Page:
Tastes Like Chicken


Saturday, April 07, 2001
_Shuttle Plasma Trail



"The Space Shuttle burning a path through a Texas morning on it's way to a landing in Florida. It's called a plasma trail. Yes, it really does look like a burning line in the sky."


_They Write the Right Stuff
This software never crashes. It never needs to be re-booted. This software is bug-free. It is perfect, as perfect as human beings have achieved. Consider these stats: the last three versions of the program -- each 420,000 lines long-had just one error each. The last 11 versions of this software had a total of 17 errors. Commercial programs of equivalent complexity would have 5,000 errors.
That is proper and as it should be for the team that writes code for aerospace applications. But the world is not all about aerospace.

Admittedly they have a lot of advantages over the rest of the software world. They have a single product: one program that flies one spaceship. They understand their software intimately, and they get more familiar with it all the time. The group has one customer, a smart one. And money is not the critical constraint: the groups $35 million per year budget is a trivial slice of the NASA pie, but on a dollars-per-line basis, it makes the group among the nation's most expensive software organizations.
My MP3 player doesn't need this to make itsself a valuable part of my life. In fact, it probably wouldn't be any part of my life if this was the only way to make software. Methodical and precise has value. So does quick and dirty. These people operate in an incredibly static environment (we're talking about computers in use today based on ferrite core memory, memory where each bit is represented by individually wire wrapped magnets), and with good reason, but I do not accept that humanity would be best served by applying this model to all our computing endeavors. Not by a long shot.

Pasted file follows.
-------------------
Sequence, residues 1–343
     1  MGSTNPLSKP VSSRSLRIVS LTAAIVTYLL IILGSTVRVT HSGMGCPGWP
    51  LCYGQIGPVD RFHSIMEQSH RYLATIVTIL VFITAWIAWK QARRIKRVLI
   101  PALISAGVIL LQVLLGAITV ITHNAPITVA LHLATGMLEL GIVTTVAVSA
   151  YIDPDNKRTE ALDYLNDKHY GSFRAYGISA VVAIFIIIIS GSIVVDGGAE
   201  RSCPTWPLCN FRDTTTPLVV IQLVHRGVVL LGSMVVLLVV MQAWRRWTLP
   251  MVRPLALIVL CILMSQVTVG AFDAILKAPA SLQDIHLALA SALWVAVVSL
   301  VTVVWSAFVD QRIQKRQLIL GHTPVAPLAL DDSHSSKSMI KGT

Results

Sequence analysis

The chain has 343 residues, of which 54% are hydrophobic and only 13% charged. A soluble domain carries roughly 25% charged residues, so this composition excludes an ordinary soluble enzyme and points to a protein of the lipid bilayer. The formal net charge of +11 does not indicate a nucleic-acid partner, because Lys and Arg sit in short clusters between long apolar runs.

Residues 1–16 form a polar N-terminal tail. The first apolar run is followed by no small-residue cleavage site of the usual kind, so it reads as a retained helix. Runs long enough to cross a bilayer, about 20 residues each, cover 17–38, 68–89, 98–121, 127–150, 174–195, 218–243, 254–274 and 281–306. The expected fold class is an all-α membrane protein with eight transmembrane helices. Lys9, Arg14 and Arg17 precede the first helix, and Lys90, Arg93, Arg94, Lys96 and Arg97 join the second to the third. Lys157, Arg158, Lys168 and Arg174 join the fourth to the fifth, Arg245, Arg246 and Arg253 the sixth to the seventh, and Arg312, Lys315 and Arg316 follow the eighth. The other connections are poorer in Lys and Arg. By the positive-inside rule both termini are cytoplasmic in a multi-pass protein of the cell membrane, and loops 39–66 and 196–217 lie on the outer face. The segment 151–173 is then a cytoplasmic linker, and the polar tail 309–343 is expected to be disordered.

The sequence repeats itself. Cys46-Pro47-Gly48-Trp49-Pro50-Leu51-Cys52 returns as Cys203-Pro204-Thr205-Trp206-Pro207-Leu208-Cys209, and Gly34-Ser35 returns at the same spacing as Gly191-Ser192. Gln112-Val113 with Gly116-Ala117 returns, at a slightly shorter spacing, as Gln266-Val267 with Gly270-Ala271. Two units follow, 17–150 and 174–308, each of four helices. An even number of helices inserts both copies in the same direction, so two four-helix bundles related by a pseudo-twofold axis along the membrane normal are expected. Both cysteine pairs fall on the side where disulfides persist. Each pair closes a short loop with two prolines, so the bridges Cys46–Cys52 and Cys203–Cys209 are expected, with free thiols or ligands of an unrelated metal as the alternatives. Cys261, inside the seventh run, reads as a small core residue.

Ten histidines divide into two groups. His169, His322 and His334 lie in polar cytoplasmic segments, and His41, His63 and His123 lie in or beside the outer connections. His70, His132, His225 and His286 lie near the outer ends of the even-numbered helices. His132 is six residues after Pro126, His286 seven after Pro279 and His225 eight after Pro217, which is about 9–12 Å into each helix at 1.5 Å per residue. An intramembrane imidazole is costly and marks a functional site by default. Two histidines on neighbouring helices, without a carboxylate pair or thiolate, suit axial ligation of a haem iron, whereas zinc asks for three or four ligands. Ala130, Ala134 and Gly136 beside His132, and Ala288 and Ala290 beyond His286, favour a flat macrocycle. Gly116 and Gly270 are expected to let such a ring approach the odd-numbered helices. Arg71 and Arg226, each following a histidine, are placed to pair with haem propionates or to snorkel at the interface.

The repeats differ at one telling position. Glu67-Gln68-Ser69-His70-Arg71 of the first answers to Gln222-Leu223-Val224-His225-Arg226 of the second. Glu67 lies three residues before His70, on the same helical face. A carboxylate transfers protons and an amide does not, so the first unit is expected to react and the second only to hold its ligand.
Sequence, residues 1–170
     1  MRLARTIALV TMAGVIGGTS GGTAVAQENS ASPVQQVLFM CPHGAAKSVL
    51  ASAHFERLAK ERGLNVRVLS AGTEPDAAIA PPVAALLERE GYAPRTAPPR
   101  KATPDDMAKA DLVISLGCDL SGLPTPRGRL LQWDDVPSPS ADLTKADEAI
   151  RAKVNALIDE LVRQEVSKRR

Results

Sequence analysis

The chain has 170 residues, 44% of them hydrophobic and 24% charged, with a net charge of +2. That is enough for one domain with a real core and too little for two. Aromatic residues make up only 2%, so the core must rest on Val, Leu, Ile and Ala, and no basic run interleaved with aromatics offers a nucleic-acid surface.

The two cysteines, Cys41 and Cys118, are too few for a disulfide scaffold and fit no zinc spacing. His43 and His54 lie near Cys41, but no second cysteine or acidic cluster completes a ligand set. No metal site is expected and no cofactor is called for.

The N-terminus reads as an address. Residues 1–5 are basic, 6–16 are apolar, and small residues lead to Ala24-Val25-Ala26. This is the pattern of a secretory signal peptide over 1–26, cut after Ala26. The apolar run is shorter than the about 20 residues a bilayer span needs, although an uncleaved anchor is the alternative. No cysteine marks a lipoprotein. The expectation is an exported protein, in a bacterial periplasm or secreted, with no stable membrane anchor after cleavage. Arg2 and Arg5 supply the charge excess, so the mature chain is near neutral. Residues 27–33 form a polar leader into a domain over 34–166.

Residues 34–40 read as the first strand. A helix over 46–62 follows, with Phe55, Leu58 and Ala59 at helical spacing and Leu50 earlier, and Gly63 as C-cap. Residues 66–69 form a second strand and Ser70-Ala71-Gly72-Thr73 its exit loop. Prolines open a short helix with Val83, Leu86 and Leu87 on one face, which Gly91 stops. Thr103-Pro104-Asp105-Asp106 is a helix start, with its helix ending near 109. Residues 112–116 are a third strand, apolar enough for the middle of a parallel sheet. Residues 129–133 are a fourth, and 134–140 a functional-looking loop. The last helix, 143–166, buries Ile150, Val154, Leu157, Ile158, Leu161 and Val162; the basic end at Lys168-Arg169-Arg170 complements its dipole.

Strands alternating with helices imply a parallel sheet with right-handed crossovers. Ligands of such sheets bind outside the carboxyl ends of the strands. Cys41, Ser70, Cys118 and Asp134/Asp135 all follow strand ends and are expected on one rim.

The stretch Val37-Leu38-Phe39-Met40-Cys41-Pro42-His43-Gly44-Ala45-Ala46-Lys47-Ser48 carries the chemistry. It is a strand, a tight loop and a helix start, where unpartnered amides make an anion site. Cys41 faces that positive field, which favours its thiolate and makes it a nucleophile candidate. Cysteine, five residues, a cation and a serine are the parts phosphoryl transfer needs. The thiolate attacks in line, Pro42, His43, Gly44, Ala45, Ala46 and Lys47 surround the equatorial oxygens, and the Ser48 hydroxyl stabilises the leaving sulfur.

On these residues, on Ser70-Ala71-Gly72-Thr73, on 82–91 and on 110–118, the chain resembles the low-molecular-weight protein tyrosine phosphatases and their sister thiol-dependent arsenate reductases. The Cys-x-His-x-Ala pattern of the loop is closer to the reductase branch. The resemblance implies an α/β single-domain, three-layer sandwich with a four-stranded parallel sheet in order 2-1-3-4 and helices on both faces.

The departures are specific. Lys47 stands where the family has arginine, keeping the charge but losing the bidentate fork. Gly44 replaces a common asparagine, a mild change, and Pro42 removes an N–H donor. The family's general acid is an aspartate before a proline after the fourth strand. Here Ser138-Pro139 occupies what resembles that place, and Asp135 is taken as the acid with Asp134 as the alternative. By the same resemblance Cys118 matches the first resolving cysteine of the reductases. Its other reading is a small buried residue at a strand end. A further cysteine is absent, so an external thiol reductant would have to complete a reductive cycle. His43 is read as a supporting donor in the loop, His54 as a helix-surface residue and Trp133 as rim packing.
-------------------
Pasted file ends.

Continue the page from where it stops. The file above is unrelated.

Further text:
Thursday, April 05, 2001
_A Meticulous End Planned for McVeigh
A detailed timeline of the plan for Timothy McVeigh's execution. Apparently he has invited his old girlfriend to be a witness.

Tuesday, April 03, 2001
_"the average American in a state with a lottery spends about $150 per year on the lottery"
These Western states introduced video gambling in the late '80s and early '90s for one reason: It is a stupendously effective way of parting citizens from their money. According to the North American Association of State and Provincial Lotteries, the average American in a state with a lottery spends about $150 per year on the lottery. But in the five states with video lotteries (Delaware, West Virginia, and Rhode Island, along with South Dakota and Oregon), average per capita lottery spending is about $600 per year. In South Dakota, where lottery play is the highest in the country, the average person spends an amazing $750 per year on the state lottery.
Those numbers are flabbergasting. I just cannot imagine pissing money away like that. I just don't get gambling as entertainment. Okay, Indecent Proposal style last chance grab at averting disaster I can fathom. Continuously squandering a stream of money after it's been demonstrated that the system exists to fleece you I do not comprehend. I've been to Atlantic City and one the big casinos. One of the most boring weekends of my life. But even that made some sense to me as it was a break from my normal life, a new experience. I could see hitting Vegas for the with the same justification. But I Simply can not wrap my head around the attraction of making scratching a lottery ticket a $150/year routine.

I really don't get it.

Monday, April 02, 2001
_Forget Bernoulli's theorem



A Cessna Citation leaves a deep trough in the clouds beneath it, proof that it stays aloft by pushing air down.
An eyebrow-raising article exposing the standard explanation of the physics of airplane flight as bunk. Coming soon: friction does not cause the heat of re-entry from space.

_Skydiving from 102,000 feet: a first person account



Joe Kittinger recounts his extreme high altitude free-falls during the Cold War. Absolutely fascinating. Also maybe coming soon: Why your blood won't boil in space (at least not while you're using it).

Sunday, April 01, 2001